I have no special talent. I am only passionately curious. – Albert Einstein
So I picked up Marcus Buckingham’s book, ‘Now, Discover your Strengths’ as a refresher and thought to share something on talent.
The premise of the book is that one has a responsibility, in fact social responsibility, to identify, use and grow one’s own strengths as opposed to identifying and fixing weaknesses.
What I found interesting is that the book does not specify a specific job or role or action as a strength, instead, talents were words that provided a description of a set of values, behaviors and approaches.
Being ‘Strategic’, for example, is a talent, i.e. being able to see and approach situations and matters, comfortably weeding through complexity, in a way that finds and assesses possibilities and options … really? a talent?
Being able to weed through complexity may seem like is a matter of practice, but in fact, some do it more naturally and more easily than others … really? so how is this a specific enough?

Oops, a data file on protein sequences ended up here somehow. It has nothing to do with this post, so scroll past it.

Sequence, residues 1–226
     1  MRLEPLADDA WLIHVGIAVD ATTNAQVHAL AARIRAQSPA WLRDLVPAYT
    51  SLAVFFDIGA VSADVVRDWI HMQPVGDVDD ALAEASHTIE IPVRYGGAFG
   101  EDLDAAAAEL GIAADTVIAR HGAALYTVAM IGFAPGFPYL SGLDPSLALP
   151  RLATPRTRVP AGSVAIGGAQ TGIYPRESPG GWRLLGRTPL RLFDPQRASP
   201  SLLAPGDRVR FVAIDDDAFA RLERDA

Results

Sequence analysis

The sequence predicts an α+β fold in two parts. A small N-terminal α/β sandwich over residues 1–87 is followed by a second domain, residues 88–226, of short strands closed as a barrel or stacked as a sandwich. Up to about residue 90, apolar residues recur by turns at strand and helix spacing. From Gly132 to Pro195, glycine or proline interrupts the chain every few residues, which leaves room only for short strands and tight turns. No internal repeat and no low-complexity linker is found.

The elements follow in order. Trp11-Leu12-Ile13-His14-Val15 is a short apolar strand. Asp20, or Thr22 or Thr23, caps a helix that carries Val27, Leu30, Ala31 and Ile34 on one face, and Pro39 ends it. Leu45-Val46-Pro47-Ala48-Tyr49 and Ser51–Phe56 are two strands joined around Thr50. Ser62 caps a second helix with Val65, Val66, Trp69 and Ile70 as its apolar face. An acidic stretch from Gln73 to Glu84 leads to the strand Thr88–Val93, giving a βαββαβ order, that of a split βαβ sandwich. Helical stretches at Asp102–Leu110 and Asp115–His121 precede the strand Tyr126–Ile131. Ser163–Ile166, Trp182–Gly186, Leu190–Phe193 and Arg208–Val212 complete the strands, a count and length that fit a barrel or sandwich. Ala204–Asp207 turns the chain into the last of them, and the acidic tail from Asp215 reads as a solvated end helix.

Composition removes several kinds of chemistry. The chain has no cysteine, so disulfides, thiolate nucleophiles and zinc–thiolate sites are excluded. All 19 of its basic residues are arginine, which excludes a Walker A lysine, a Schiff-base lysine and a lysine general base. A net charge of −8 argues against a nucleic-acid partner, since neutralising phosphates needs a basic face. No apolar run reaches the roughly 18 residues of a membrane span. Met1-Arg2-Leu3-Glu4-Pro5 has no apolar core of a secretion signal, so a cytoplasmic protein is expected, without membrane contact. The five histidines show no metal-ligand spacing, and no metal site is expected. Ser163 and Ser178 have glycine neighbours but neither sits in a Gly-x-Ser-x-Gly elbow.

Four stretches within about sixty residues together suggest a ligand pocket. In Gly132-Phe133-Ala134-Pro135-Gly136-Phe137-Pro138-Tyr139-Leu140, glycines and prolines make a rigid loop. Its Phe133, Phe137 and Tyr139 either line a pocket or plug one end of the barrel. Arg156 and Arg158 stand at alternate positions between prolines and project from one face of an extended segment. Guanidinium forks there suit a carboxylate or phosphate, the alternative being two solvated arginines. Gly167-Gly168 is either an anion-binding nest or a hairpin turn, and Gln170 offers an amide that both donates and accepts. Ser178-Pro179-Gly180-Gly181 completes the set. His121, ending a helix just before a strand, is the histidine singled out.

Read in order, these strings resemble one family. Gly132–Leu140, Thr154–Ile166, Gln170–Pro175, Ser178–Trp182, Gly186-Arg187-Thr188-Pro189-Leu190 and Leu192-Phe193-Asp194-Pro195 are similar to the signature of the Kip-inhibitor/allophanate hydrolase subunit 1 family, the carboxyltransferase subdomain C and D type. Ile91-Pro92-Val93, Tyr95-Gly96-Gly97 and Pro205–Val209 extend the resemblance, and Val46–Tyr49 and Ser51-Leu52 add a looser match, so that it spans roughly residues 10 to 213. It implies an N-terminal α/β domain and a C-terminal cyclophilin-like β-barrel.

Talent is not a specific job … it is a state of mind (thinking) and body (action) that some posses and some don’t.
Talent is applied in life, work and study.
Find yours … it could be one of the best things you do for a long time to come … from high school students to those in retirement … your talent can be applied at school, at work, in volunteering, at home, and simply, day to day life.
So sorry Albert Einstein, your humility won’t work here … your passionate ‘curiosity’ IS one of your talents!
Image courtesy of Stuart Miles / FreeDigitalPhotos.net